With Donald Trump entering the White House in January 2017 and a Republican majority in both houses of Congress, significant tax reform is now widely expected in the United States. Tax legislation could come early in the new administration with Steven Mnuchin, Trump’s pick as Treasury Secretary, saying recently that tax reform would be the first priority.
The starting point for any tax reform discussions is anticipated to be the ‘A Better Way’ blueprint released by House Republicans in June. Trump also released a high-level tax reform plan during the campaign and there are many shared priorities between his plan and the blueprint, as well as some discrepancies, notably on the treatment of carried interest and offshore investments. Some of the proposals in the blueprint and the tax plan involve a radical overhaul of the US tax system and would change many fundamental and long-standing US tax principles governing private equity funds and their investments, such as permitting all business investments to be expensed and limiting interest deductions to businesses. Undoubtedly, it is too early to tell which proposals will be part of any final legislation – after all, the devil is in the detail – but the Blueprint and the tax plan provide clues for the possible changes to the US tax system that would be relevant to private equity funds.
Lowering of tax rates. A central component of the blueprint and the tax plan is a significant reduction in the overall US federal income tax rates. For individuals, the top tax rate on ordinary income would go down from 39.6 percent to 33 percent. Simultaneously, the income tax base would be broadened as some existing deductions and credits would be curtailed, thereby offsetting some of the benefits of the reduction in rates.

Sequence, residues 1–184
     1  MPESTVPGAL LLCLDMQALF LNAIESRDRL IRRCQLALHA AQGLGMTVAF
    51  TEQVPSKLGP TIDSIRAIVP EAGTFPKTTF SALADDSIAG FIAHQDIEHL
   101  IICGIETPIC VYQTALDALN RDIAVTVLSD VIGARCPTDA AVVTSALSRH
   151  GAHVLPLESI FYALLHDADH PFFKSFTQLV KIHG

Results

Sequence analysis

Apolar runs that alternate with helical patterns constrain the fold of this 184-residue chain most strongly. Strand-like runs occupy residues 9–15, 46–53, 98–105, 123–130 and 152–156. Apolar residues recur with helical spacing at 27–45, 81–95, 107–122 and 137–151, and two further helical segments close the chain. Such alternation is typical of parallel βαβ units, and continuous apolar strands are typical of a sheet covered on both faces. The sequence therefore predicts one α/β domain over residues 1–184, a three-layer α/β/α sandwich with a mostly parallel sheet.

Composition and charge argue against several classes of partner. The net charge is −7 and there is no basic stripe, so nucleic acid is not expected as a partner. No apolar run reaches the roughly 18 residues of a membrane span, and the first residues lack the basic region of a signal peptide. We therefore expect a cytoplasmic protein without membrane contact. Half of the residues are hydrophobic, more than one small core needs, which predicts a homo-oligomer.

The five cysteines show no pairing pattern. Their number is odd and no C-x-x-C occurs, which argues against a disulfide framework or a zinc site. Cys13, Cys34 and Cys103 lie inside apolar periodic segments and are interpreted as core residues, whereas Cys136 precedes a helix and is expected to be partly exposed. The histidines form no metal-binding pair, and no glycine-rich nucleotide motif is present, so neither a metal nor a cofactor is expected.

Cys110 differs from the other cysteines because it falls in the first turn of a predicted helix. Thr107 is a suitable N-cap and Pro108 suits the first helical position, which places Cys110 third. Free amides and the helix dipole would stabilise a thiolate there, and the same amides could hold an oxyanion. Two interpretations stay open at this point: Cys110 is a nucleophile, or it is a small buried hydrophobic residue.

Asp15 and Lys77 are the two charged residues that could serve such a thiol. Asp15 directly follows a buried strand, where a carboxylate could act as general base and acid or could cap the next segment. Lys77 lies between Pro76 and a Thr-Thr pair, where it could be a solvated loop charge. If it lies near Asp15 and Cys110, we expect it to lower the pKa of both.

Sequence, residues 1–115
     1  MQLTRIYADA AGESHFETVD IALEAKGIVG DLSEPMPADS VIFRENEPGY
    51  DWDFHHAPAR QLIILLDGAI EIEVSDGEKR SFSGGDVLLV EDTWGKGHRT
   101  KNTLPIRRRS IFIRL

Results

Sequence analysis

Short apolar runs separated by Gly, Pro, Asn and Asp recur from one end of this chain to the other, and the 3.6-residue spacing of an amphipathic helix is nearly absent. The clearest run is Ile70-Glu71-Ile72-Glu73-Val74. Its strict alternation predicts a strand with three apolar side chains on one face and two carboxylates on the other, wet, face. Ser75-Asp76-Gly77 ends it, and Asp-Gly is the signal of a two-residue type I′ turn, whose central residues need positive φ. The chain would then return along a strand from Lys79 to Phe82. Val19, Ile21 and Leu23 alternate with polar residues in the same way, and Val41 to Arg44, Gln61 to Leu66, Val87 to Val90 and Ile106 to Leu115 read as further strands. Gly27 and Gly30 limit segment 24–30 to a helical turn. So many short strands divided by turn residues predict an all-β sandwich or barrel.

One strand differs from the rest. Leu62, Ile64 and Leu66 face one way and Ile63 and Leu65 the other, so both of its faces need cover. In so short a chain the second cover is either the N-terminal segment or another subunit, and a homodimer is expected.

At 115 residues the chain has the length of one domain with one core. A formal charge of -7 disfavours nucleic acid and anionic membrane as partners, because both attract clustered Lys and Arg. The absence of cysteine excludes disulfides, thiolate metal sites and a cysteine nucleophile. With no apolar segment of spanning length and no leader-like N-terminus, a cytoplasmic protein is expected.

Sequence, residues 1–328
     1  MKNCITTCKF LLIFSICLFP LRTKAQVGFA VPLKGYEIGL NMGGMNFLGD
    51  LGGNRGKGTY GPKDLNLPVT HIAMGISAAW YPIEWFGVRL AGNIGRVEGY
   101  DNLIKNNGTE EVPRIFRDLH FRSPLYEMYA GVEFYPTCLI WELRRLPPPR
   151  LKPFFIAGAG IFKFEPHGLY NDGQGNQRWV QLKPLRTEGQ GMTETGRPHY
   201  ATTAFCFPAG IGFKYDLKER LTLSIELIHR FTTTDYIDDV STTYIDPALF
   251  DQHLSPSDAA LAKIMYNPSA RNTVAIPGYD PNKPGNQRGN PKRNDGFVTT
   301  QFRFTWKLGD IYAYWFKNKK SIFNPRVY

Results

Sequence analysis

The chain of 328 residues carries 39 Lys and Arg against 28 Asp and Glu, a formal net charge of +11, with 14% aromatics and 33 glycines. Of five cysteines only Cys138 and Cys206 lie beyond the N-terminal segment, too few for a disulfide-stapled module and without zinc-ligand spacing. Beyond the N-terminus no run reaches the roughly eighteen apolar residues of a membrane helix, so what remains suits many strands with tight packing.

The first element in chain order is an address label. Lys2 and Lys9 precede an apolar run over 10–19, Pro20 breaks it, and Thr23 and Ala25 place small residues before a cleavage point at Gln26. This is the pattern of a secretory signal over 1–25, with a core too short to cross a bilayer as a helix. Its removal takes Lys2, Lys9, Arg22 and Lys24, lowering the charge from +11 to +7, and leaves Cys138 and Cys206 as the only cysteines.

Passive income would also benefit from a rate reduction under the blueprint (but not under the tax plan) as the top individual rate on capital gains and dividends would be lowered from 20 percent to 16.5 percent. In a departure from long-standing US tax rules that will be of particular interest for mezzanine funds, interest would also benefit from the 16.5 percent rate and would no longer be taxed at the ordinary income rate.
Consistent with the Republican programme, both the blueprint and the tax plan propose to repeal the 3.8 percent ‘Medicare’ tax on passive income that was introduced in 2013 as part of the healthcare reform in the United States (the Affordable Care Act would also be repealed). The estate tax would be eliminated.
Tax treatment of carried interest. Although the blueprint is silent on carried interest, during his campaign Trump announced his intention to tax carry earned by private equity fund managers as ordinary income and this proposal has been included in his tax plan. Under current rules, carried interest attributable to capital gains is generally taxed as capital gains, so that much of the income is taxed at a maximum rate of 20 percent instead of 39.6 percent. Under the tax plan proposal, however, carried interest would be taxed at 33 percent and would not enjoy the reduced rate of 16.5 percent.